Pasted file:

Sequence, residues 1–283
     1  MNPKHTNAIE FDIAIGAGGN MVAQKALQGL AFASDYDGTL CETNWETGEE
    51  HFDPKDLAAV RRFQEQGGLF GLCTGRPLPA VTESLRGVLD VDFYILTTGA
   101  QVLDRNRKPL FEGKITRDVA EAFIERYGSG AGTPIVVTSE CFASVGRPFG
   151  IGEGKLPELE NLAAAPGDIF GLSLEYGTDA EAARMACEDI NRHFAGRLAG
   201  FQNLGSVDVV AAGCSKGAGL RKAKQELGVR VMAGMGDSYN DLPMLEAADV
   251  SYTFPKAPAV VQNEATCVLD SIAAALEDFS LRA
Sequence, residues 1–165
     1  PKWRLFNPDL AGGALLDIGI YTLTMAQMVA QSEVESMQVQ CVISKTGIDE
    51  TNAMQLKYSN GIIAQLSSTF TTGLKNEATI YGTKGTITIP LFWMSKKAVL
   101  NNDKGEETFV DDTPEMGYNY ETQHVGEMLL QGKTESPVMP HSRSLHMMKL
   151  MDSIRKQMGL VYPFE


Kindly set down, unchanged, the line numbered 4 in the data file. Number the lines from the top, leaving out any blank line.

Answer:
   101  QVLDRNRKPL FEGKITRDVA EAFIERYGSG AGTPIVVTSE CFASVGRPFG